SCREENING AND EVALUATION OF PHARMACOLOGICAL CHAPERONES FOR TYROSINE HYDROXYLASE; CORRECTION OF NEUROTRANSMITTER DEFICIENCIES.
Department of Biomedicine, University of Bergen, Bergen, Norway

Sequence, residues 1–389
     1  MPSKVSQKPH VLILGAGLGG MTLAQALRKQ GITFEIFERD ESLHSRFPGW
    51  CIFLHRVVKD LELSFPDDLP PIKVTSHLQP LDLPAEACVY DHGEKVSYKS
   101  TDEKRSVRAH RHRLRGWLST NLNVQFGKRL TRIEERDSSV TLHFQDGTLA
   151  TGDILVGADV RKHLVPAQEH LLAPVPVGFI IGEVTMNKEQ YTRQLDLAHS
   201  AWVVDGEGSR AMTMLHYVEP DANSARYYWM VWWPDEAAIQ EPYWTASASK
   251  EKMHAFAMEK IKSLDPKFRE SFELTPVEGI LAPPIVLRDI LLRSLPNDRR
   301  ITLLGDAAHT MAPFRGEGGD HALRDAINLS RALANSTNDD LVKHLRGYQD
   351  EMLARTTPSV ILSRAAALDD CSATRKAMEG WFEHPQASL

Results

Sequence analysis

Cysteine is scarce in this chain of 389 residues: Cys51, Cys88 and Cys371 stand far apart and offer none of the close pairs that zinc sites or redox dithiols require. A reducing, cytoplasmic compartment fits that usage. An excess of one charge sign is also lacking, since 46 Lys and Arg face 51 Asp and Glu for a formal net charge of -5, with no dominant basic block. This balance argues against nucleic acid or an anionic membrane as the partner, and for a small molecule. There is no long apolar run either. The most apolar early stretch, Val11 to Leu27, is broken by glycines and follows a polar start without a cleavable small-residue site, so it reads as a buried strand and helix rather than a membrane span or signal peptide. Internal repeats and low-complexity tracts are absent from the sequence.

Tyrosine hydroxylase (TH) is the rate-limiting enzyme in the synthesis of dopamine, noradrenaline, and adrenaline. Primary inherited defects in TH have been associated with L-DOPA responsive dystonia (DRD) and infantile parkinsonism. We have formerly demonstrated that both tetrahydrobiopterin (BH4) and a pharmacological chaperone (compound III; a small compound that rescues misfolded proteins) stabilize human TH as well as mutants associated with DRD (Calvo, et al., 2010; Thöny, et al., 2008) in vitro. Supplementation of mice with either BH4 or compound III increases total TH activity and protein in mouse brain. This increase was not accompanied by changes in steady-state brain dopamine levels and monoamine neurotransmitter metabolites DOPAC and HVA. The failure to observe an increase in dopamine, despite a higher total TH activity, might reflect strict enzyme regulation in vivo. Nevertheless, we anticipated that increased TH activity would lead to increased dopamine synthesis in certain states including pathological conditions, and have therefore investigated this possibility using a heteroallelic orthologous mouse model (ENU1/2) of phenylketonuria (PKU), where synthesis of neurotransmitters is compromised due to high concentration of L-Phe in brain ([Phe] disposal is significantly reduced in ENU1/2 mice as compared with their normal C57BL/6 counterpart). Supplementation with either BH4 (50 mg/kg/day) or compound III (8 mg/kg/day), for 10 days, increases TH activity and protein in ENU1/2 mice. Thus these treatments might be promising as potential therapies for disorders associated with TH misfolding and other deficiencies in dopaminergic neurotransmission. However, since both BH4 and compound III also affect the steady-state levels of the other BH4-dependent aromatic amino acid hydroxylases, it is important to find other more specific compounds for TH. Hence, we are at present complementing experimental and virtual screening strategies to find drug-like compounds which are more effective both to stabilize TH and its mutants, as well as to protect towards the time-dependent loss of TH activity. So far we have identified about 10 compounds ready to be tested in vivo for their pharmacological chaperone potential in TH-deficient mice models.